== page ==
Health Science Center researchers win $2 million in cancer research awards

SAN ANTONIO (November 3, 2011) – Four University of Texas Health Science Center at San Antonio researchers have been awarded grants from the Cancer Prevention & Research Institute of Texas, including one to further study the increasing incidence of liver cancer among South Texas Hispanics.

Two of the grants, announced Wednesday afternoon, are individual investigator awards, while two were given under the high impact/high risk category.

“I am incredibly proud of the researchers who earned these major awards from CPRIT,” said Ian M. Thompson, M.D., director of the Cancer Therapy & Research Center at the UT Health Science Center. “The kind of high-level research going on here is clearly recognized by CPRIT. Most importantly, it will transform the care of cancer patients.”

In the individual investigator awards, LuZhe Sun, Ph.D., professor of cellular & structural biology and urology, will receive $875,252 for his work targeting the hedgehog pathway in prostate cancer, while Brad H. Pollock, M.P.H., Ph.D., professor and chairman of epidemiology and biostatistics, was awarded $767,107 to investigate environmental influences in hepatocellular liver cancer in South Texas.

High-risk/high impact award winners include Sunil Sudarshan, assistant professor in the department of urology in the School of Medicine at the Health Science Center, who will receive $199,902 for oncometabolites in renal cancer, and Ricardo Aguiar, M.D., Ph.D., associate professor of hematology and medical oncology, was awarded $200,000 for a next-generation sequencing strategy in B-cell malignancies.

The nearly $770,000 grant for Dr. Pollock furthers his investigation of the very high incidence of hepatocellular liver cancer in South Texas. Known risk factors for liver cancer include chronic viral infection with hepatitis B and/or hepatitis C, and lifestyle factors such as alcohol consumption. However, these factors do not necessarily account for the majority of incidence in South Texas. Other conditions especially prevalent in South Texas are suspected to play a role, include obesity and diabetes.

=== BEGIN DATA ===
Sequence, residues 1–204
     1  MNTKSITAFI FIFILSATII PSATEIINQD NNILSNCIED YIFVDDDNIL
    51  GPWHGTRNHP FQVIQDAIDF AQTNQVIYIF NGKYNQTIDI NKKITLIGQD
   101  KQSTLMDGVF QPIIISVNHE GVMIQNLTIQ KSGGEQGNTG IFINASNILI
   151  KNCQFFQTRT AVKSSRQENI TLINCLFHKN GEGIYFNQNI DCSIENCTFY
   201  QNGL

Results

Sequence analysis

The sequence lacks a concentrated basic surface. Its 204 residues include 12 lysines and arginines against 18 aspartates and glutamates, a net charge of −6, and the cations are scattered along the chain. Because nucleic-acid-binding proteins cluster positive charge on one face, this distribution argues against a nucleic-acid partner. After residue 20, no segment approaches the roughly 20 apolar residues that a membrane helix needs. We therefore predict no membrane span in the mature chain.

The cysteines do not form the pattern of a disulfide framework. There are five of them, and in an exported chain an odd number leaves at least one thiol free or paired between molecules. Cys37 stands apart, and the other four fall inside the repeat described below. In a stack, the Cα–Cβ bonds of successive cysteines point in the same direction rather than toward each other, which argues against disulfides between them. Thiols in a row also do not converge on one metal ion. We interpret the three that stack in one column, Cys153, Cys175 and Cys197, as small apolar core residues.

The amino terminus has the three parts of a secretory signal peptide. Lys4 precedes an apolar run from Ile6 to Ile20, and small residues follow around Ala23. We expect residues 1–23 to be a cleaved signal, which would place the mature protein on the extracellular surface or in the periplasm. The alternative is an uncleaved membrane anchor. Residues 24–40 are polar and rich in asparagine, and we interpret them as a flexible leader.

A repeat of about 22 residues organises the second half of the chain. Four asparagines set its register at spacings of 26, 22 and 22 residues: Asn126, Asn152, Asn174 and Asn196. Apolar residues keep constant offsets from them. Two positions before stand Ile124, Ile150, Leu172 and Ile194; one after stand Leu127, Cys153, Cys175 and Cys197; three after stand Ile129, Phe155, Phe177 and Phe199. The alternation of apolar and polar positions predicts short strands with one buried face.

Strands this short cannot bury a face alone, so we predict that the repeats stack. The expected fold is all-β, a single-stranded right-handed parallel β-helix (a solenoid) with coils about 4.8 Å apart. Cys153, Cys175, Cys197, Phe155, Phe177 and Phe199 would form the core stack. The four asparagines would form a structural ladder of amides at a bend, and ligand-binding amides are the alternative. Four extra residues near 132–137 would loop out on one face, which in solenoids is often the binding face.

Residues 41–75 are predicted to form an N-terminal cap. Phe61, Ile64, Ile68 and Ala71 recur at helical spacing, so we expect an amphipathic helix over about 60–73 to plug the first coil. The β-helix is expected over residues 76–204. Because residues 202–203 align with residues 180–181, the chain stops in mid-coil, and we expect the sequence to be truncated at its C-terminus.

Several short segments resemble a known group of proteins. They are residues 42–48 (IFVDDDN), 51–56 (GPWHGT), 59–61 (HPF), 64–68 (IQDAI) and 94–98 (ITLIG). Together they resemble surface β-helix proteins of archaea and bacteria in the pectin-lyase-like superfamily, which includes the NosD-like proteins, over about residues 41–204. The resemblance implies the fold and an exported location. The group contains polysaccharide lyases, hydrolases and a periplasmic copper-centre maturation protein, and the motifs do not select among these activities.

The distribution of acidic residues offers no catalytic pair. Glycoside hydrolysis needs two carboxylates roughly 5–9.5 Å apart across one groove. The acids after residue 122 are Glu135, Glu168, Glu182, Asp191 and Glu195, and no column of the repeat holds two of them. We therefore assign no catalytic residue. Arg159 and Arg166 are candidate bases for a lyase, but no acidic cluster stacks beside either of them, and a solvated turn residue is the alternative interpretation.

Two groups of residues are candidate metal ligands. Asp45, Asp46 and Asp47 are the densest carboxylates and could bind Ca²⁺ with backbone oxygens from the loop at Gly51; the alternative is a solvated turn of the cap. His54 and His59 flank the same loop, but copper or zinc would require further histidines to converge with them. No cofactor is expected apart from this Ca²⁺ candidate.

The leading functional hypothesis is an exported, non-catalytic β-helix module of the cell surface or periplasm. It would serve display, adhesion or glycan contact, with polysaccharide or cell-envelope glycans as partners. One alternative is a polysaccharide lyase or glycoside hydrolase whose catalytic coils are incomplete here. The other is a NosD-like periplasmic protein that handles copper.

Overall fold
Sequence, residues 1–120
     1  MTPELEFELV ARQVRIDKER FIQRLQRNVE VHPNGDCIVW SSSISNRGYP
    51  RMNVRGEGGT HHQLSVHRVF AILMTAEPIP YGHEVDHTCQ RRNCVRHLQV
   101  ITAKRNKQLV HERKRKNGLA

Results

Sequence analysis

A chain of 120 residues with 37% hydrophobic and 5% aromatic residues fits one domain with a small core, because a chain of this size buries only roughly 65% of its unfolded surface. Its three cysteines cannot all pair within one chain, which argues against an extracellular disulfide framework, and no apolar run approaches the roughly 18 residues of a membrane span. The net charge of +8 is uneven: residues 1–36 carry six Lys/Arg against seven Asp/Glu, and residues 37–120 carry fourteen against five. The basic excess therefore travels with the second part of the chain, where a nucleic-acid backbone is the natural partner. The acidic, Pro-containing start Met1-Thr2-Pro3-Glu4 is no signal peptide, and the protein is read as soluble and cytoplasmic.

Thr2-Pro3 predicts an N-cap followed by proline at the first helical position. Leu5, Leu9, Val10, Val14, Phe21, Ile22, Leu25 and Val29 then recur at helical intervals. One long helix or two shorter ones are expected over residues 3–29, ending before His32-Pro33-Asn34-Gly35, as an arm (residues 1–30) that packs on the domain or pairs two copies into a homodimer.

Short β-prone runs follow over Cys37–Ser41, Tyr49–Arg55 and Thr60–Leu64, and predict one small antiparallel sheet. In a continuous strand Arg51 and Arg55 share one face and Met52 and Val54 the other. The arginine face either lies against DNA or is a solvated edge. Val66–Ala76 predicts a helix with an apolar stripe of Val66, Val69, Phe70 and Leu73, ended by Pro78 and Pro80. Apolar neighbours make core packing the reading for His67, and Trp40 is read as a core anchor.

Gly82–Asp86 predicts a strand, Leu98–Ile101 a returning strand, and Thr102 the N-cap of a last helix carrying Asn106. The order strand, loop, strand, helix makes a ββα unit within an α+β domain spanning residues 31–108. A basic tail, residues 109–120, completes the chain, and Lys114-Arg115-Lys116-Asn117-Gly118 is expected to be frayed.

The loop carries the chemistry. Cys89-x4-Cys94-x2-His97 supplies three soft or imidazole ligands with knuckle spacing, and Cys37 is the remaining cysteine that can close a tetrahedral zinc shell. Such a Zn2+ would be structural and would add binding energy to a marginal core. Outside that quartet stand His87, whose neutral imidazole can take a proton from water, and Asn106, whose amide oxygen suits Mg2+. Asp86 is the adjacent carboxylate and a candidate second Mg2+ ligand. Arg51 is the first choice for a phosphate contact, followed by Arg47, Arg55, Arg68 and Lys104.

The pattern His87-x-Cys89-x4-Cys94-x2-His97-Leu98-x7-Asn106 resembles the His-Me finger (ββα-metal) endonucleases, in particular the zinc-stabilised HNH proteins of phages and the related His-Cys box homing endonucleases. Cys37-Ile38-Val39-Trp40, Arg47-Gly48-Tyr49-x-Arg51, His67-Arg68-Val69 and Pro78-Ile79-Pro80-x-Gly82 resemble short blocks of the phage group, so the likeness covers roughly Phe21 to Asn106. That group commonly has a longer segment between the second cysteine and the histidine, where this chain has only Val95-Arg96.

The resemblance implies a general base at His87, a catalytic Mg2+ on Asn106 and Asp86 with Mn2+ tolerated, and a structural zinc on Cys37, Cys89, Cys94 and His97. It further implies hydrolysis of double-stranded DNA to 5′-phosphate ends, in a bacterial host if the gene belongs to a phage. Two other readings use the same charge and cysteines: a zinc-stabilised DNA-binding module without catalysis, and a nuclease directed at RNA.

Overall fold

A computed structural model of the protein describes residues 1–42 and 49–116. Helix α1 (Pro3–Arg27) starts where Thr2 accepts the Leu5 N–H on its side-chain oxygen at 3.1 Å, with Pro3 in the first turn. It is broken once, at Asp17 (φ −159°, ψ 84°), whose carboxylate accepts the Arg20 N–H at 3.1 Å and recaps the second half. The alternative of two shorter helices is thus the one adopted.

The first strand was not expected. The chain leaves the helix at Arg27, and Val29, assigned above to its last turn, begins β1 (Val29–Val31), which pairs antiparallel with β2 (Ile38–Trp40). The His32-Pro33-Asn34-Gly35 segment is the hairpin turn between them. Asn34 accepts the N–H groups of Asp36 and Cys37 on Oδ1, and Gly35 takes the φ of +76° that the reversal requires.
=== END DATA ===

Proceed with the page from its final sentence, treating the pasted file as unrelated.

“We also observed higher than expected rates of liver cancer in specific areas of Bexar County that may reflect higher-than-expected levels of aflatoxin in nearby residents,” Dr. Pollock said. While aflatoxin is not usually considered a major contributor to liver cancer in the U.S., there may be more opportunities for exposure through ingestion of aflatoxin-contaminated cornmeal in South Texas.

Dr. Pollock’s team will perform a geographic analysis of the patterns of occurrence in South Texas.

“Given their increasing incidence and still very poor survival, liver cancers are of great public health significance,” Dr. Pollock said. “Identification of risk factors could lead to a significant decrease in the burden of this disease in the South Texas and other populations.”

Dr. Sun will use his $875,000 grant to learn exactly how metastatic prostate cancer becomes resistant to hormone and chemotherapies, and to target that resistance pathway, called a hedgehog signaling pathway.

Patients with metastatic prostate cancer are often treated first with androgen deprivation therapy, but often become resistant to the hormone therapy, and eventually chemotherapy. The goal of Dr. Sun’s research is to show how metastatic prostate cancer becomes resistant to these treatments.

The hedgehog signaling pathway is a cell regulatory process essential for proper embryo development that sometimes becomes reactivated in certain cancers. Dr. Sun’s team will investigate how hedgehog signaling may promote prostate cancer growth and build resistance to hormone and chemotherapy. He will also investigate whether a novel hedgehog pathway inhibitor developed by a pharmaceutical company can be used to block the progression of hormone-resistant prostate cancer.

The Cancer Therapy & Research Center (CTRC) at The University of Texas Health Science Center at San Antonio is one of the elite academic cancer centers in the country to be named a National Cancer Institute (NCI) Designated Cancer Center, and is one of only four in Texas. A leader in developing new drugs to treat cancer, the CTRC Institute for Drug Development (IDD) conducts one of the largest oncology Phase I clinical drug programs in the world, and participates in development of cancer drugs approved by the U.S. Food & Drug Administration. For more information, visit

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